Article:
Hillary Clinton’s Call for Smart Growth Puts Republicans in the Corner
As Goldy already mentioned, Hillary Clinton’s speech this morning was an impressive push against trickle down economics and for a new system of growth.
Clinton delivered an impressive speech on many levels. First of all, her delivery was excellent. As the speech went on she became more animated, convincingly adopting many of Elizabeth Warren’s best speaking tics—an ability to explain a complex issue clearly alongside a fiery populist delivery that puts the speaker and the audience on the same team—while playing to her own oratorical strengths. It was one of her best performances, and she clearly displayed a lot of passion for the material.
And the substance of the speech was surprising. Clinton touched a whole bunch of supposed economic third rails, talking about subjects that most political candidates would be afraid to bring up. Anyone nursing a suspicion that Clinton is in business’s back pocket needs to reevaluate their opinion after hearing this speech.
Clinton attacked the Ubers and TaskRabbits of the world by pointing out the downside to the sharing economy:
…many Americans are making extra money renting out a spare room, designing websites, selling products they design themselves at home, or even driving their own car. This “on demand” or so-called “gig economy” is creating exciting opportunities and unleashing innovation but it’s also raising hard questions about workplace protections and what a good job will look like in the future.
Of course, this is a problem that’s near and dear to our hearts here at Civic Ventures. Our co-founder Nick Hanauer even co-authored a piece that floated one solution to the sharing economy problem not so very long ago.
And then Clinton reappraised the very idea of what economic growth should be. Lots of Americans understand that Wall Street’s unyielding thirst for consistent record-breaking growth quarter after quarter is unsustainable, but Clinton actually said it out loud. Ten years ago, this would have been an unthinkable statement for a presidential candidate to make; you’ll certainly never see a Republican presidential candidate say something like this:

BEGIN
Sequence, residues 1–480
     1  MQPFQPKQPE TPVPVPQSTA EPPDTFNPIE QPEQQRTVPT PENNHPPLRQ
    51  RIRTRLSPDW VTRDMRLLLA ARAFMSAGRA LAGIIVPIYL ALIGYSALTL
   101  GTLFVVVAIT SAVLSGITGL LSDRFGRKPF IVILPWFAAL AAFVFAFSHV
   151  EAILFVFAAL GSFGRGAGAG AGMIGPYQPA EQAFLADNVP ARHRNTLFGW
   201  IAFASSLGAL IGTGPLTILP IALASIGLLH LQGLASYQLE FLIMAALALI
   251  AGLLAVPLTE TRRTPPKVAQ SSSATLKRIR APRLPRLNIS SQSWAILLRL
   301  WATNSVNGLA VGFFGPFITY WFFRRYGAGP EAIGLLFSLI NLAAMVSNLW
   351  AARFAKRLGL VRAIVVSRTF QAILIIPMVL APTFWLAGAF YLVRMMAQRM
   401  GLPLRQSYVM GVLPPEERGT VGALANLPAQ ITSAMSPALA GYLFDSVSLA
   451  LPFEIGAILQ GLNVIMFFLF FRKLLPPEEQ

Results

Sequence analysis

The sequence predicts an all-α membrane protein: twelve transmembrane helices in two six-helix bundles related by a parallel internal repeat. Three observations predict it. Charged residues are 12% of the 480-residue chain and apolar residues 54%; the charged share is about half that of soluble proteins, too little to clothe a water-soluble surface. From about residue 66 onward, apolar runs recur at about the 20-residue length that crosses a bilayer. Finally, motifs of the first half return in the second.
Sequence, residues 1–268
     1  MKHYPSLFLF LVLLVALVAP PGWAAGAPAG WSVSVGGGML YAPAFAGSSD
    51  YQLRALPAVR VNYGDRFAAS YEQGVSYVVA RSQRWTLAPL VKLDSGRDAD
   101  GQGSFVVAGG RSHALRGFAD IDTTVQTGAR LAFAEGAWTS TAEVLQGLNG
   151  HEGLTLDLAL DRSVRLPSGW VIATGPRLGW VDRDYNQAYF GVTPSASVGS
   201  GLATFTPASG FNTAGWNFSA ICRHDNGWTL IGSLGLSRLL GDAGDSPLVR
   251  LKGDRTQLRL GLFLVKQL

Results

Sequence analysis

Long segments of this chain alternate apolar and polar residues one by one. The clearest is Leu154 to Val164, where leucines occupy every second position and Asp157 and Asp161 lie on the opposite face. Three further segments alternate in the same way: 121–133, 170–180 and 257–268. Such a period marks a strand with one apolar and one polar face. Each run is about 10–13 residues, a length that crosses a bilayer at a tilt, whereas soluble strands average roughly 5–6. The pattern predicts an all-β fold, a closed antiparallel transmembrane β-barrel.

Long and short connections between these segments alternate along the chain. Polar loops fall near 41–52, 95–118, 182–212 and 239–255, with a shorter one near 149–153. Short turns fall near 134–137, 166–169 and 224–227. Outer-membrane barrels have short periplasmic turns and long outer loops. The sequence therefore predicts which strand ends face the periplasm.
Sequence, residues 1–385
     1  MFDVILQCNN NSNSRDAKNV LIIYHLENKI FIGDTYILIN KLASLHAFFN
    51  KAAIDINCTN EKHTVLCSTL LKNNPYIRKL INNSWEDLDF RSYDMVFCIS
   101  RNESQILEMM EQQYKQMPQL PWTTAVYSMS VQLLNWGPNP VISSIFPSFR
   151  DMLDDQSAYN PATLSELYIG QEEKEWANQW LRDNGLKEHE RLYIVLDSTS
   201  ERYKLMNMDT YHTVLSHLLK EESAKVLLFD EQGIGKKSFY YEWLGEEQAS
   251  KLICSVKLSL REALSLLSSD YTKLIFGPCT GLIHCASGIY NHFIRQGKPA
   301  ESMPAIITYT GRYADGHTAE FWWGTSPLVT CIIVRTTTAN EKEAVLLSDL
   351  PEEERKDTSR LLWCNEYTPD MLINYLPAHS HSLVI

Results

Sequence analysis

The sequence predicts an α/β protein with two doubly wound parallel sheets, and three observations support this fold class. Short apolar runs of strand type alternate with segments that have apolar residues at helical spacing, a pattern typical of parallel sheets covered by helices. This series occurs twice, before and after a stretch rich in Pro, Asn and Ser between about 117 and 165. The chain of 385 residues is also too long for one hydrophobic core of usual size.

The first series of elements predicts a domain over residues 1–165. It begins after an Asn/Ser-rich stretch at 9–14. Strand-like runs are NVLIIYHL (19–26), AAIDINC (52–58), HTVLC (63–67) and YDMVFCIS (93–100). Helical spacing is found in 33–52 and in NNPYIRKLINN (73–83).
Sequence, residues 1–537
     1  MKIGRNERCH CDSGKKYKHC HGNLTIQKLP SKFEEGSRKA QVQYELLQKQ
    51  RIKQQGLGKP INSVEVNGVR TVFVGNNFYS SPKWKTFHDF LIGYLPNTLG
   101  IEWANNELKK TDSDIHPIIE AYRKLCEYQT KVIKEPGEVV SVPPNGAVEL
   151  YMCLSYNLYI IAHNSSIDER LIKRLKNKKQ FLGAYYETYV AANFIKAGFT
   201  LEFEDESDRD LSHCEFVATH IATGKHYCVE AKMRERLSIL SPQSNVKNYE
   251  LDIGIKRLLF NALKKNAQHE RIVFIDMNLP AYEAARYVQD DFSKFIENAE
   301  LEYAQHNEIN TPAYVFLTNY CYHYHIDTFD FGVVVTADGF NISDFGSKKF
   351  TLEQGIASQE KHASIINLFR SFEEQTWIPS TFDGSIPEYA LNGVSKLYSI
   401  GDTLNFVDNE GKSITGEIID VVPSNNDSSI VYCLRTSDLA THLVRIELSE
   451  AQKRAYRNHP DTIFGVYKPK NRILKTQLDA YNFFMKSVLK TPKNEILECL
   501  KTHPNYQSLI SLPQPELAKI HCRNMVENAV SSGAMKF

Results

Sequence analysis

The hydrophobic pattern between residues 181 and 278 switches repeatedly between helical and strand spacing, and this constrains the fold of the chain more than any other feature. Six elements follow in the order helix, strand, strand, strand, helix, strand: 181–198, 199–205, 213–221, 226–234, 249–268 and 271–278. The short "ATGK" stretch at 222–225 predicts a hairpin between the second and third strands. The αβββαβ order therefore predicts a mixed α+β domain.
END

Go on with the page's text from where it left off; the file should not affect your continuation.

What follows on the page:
Too many pressures in our economy today push us toward short-termism. Many business leaders see this. They’ve talked to me about it. One has called it the problem of “quarterly capitalism.” They say everything’s focused on the next earnings report or the short-term share price. The result is too little attention on the sources of long-term growth: research and development, physical capital, and talent.
Net business investment — which includes things like factories, machines, and research labs — has declined as a share of the economy. In recent years, some of our biggest companies have spent more than half their earnings to buy back their own stock, and another third or more to pay dividends. That doesn’t leave a lot left to raise pay or invest in the workers who made those profits possible or to make the new investments necessary to insure a company’s future success. These trends need to change. And I believe that many business leaders are eager to embrace their responsibilities, not just to today’s share price but also to workers, communities, and ultimately to our country and indeed our planet.
I’m not talking about charity – I’m talking about clear-eyed capitalism. Many companies have prospered by improving wages and training their workers that then yield higher productivity, better service, and larger profits.
Now it’s easy to try to cut costs by holding down or decreasing pay and other investments to inflate quarterly stock prices, but I would argue that’s bad for business in the long run.
And, it’s really bad for our country.
This is a big deal. Clinton rightly suggests that certain kinds of growth are good and other kinds are bad. This is an argument that makes Republican candidates, who are perennially in favor of any kind of growth, whether it comes from offshoring jobs or laying off employees, look dumb. It’s a complex argument that, if delivered incorrectly, could earn charges of “socialism” from the far right wing. Clinton hit the notes perfectly; she explained the problem, offered examples, and still came out hard in favor of growth. I was particularly impressed with how she hit the stock buyback issue, which most politicians are afraid to bring up; if you’d like to read more about how stock buybacks are artificially inflating the top one percent of the economy while simultaneously strangling the other 99 percent, Nick Hanauer has written about them at length in the Atlantic.
In sum, this is a meaningful speech. Sure, Clinton doesn’t offer all the policy prescriptions to solve these problems in the speech, but she correctly identifies the problems. That’s a first for a major presidential candidate.
More impressively, Clinton manages to identify all the problems while still keeping growth in her crosshairs. It’s easy for Democrats to sound anti-business when they agitate for the middle class. But Clinton argued for the middle class while still keeping in mind how important business is. She made a case for profits, but the good kind of profits. She called for small business growth and for a sharing economy that doesn’t regard its workers as disposable.
What Clinton did here was nothing short of remarkable: she called for intelligent growth, which immediately corrals the Republican candidates into a difficult position. If Republicans keep calling for mindless four percent growth at the expense of American workers, they’ll look like lackeys to CEOs and the one percent. Clinton staked her claim for the growth of American business and against harmful blind expansion. Republicans are going to have a difficult time countering that perspective without seeming anti-worker, anti-business, or both.